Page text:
2. Have the Club finally swallowed “hook, line and sinker” the ramblings of a national press, who seem intent on causing trouble within the Club at every opportunity? If Robbie has finally let the press get to him, shame on Robbie, the Club and the hacks for letting it get to such a state. The Club should start naming and shaming these morons and banning them and their rags from the Press Box. Isn’t it funny how something always seems to materialise on the eve or day of a big game?

3. Rush apart, Robbie has been the most natural finisher in the Premiership. A fit Robbie would guarantee goals which may lead to our first title for so many years.

4. Talking of fitness, can we trust the fitness of Michael Owen who seems to have niggle after niggle lately? We do not have any quality back-up, either. We need to re-invest and purchase a quality forward as soon as possible. Please don’t let it be Dwight Yorke!

5. Does Robbie think that by going to Leeds that he will not fall foul of the squad rotation system there?


This started off as a list to convince me the Club were right, but I notice that I have as many Cons as Pros. He hasn’t delivered the goods of late when given the opportunity, but why do I feel uneasy about the move? Let us hope that come May, a Premier League crown will once again justify Houllier/Thompson’s decision making in the re-emergence as a major force of the Club that we love – the Jury is definitely “out” on this episode, and only time will tell.

Keep the Faith, 
John Green

Well I hardly know where to start. It’s Wednesday night, Robbie has agreed personal terms at Leeds and tomorrow he will sign for £11million after passing a medical. How do I feel? Gutted. Angry. And desperately sad.

Houllier has finally won the End Game and sent Robbie packing. I, for one, will find it hard to forgive him, despite the fact I know full well that he has caused a wonderful rebirth at Anfield. Let’s get this absolutely straight – this move has nothing to do with footballing ability. This boils down to the fact that Houllier could not bear Robbie’s popularity with the Anfield faithful. I am not saying that it is because Houllier is so egotistical that he wanted to be number one in the popularity stakes. But he obviously believes, wrongly, that Robbie’s popularity was bad for his precious team ethic.

You are wrong, Gerard. What’s really galling was the way Houllier has gone about the whole business. He has orchestrated this move for at least the past 18 months – and probably since he took sole charge. He was hoping that he would break Robbie’s resolve and get him to ask for a transfer request so he could turn round to us fans and say ‘I didn’t want Robbie to go but he wanted to go. What else could I do?’. But unfortunately for Houllier, Robbie’s love and respect for the club was so great that he was not for breaking.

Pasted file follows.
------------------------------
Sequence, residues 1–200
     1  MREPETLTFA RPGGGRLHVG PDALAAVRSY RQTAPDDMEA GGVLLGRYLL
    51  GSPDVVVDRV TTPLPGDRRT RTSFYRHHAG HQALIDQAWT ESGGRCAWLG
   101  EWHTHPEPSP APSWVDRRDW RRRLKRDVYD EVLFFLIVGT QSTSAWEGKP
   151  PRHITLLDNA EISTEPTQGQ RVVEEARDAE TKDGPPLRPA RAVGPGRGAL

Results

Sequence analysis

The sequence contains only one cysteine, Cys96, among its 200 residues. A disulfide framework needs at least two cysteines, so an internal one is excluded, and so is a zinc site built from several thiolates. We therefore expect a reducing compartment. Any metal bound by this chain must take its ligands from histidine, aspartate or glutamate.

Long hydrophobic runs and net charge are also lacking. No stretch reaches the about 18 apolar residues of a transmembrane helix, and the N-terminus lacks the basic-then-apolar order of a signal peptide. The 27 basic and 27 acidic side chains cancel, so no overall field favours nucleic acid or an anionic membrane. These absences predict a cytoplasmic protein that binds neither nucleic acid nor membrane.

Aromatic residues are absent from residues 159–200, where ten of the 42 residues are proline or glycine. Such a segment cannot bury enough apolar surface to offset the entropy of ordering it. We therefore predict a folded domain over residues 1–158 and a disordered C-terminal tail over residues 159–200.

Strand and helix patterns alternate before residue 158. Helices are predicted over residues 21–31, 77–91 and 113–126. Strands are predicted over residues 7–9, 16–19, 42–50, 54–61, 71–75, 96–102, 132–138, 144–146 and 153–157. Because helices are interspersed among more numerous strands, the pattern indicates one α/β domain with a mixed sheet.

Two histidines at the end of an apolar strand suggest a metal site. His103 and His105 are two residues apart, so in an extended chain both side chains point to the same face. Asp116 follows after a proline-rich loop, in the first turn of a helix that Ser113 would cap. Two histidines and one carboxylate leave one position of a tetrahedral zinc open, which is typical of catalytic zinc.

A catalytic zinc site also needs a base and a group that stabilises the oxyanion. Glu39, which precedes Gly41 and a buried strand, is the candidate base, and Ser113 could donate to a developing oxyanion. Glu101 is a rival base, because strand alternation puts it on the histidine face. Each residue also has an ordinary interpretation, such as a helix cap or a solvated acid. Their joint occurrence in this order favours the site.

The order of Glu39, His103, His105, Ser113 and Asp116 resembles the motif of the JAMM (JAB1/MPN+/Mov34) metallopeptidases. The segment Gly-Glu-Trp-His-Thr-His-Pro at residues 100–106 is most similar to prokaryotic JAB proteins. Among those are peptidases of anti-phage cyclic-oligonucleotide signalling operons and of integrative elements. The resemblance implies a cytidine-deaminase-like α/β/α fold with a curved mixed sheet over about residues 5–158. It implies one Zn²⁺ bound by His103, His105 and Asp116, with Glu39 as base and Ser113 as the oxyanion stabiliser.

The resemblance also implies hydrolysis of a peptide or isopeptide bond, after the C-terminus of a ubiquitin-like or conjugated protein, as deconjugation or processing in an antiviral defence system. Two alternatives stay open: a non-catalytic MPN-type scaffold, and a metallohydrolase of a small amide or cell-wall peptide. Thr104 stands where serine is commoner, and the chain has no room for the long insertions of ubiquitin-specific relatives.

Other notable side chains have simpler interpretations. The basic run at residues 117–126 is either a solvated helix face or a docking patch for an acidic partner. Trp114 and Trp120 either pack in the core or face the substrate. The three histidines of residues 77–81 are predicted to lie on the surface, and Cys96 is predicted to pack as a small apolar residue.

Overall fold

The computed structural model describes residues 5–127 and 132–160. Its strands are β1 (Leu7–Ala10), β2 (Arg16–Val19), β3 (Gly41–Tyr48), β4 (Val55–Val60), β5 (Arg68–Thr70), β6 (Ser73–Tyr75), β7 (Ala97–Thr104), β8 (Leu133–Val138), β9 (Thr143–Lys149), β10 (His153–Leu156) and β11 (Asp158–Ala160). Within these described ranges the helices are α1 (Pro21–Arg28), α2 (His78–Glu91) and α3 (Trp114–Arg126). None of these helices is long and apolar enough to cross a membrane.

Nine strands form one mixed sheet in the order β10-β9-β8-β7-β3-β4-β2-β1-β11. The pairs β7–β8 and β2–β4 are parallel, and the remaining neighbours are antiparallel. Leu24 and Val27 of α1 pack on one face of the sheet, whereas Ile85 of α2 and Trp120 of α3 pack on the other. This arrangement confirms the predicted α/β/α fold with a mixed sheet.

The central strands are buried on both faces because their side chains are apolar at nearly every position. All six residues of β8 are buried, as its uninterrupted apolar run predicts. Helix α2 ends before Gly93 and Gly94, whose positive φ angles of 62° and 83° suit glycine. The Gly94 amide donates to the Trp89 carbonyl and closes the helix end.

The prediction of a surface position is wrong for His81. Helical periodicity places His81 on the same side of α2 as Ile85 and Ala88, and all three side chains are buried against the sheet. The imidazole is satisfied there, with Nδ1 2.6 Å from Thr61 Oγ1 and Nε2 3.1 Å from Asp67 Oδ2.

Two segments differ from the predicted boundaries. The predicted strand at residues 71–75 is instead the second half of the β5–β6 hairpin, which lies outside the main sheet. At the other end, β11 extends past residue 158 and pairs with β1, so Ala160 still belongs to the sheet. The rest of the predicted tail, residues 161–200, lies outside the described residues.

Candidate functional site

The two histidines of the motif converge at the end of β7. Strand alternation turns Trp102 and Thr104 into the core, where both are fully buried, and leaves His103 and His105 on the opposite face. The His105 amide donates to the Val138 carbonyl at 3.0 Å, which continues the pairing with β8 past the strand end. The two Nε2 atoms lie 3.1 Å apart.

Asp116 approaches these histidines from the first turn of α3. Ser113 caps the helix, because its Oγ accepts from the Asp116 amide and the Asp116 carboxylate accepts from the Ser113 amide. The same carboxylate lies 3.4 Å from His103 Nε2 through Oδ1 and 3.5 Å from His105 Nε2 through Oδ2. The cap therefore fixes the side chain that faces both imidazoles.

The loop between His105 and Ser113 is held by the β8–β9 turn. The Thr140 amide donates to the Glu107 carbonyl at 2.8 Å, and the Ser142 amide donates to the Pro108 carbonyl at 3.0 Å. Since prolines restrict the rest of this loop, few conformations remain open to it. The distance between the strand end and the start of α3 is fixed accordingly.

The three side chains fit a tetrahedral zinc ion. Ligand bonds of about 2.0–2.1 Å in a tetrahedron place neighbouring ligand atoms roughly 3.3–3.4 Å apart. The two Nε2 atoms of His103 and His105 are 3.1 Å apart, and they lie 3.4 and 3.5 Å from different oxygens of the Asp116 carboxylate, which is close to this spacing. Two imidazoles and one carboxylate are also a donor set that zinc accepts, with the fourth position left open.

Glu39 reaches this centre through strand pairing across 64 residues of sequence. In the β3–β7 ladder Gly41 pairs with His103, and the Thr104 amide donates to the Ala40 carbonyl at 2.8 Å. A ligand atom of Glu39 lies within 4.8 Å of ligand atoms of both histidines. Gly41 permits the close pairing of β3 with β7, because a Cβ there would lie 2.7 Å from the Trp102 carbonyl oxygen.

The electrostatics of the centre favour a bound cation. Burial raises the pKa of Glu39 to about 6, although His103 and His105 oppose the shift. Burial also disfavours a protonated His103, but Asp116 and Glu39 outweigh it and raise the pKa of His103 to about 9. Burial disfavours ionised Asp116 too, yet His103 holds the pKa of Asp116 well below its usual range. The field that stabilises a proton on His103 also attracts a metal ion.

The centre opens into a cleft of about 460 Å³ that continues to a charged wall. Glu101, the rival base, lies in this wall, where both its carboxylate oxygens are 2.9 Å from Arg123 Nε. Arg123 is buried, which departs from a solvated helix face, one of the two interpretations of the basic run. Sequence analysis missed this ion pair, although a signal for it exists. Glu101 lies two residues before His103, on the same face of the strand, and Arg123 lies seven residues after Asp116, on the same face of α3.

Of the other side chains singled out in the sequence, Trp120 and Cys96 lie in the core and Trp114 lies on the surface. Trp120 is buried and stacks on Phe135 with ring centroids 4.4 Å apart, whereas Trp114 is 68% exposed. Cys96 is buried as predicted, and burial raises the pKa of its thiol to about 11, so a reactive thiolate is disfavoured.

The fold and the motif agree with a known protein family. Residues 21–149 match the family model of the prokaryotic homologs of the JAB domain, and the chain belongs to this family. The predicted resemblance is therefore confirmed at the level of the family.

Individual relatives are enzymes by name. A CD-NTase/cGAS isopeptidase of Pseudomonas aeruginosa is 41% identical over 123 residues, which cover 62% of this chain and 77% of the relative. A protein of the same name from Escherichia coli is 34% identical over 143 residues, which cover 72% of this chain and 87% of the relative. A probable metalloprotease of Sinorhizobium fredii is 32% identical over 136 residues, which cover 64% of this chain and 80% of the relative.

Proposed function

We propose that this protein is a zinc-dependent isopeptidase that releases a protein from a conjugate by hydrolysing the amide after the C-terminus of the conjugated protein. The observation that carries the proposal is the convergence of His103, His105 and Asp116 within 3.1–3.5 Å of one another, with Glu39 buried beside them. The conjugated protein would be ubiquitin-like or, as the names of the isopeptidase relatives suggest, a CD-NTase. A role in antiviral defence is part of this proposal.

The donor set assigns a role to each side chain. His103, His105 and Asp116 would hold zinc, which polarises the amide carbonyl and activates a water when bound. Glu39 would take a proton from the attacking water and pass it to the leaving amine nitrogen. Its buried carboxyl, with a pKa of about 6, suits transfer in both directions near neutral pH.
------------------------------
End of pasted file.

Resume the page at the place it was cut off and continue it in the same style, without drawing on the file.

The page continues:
Robbie put up with outrageously barbed comments in the Press from Houllier, regularly questioning his fitness, commitment and even ability on occasions. He even backed down after the ‘Phil Thompson affair’ and apologised, despite the version of events I believe to be true would suggest that he had no reason to do so. Eventually, the unbelievable way Robbie was treated regarding team selection – or should I say lack of it – has finally seen Robbie off.

Take note: Robbie still didn’t ask to go, but the club accepting Leeds’ offer made it crystal clear that he had no future at the club. In fact, just hours before news of the move broke yesterday, there was nonsense on the official web site that Robbie was in fresh talks over a new contract. Yet more lies from the club about Robbie. I am so angry about the whole affair.

Let’s examine Robbie Fowler’s performances in 2001 – in the circumstances they haven’t been too bad at all. He played exceptionally well in the home leg against Crystal Palace in the Worthington Cup, away at Leeds in the FA Cup, and at home to West Ham in the league to name but three occasions last season. And of course he scored that beauty at Cardiff against Birmingham. Oh, and don’t forget his little contribution in the UEFA Cup final. And the goal against Wycombe. And his sublime double at Charlton. Need I go on? But it didn’t matter what he did on the pitch. Houllier had decided he would force him out by picking Owen and Heskey as his first choice whatever happened – even if one of them went on a 16 game goalless streak. The message was abundantly clear.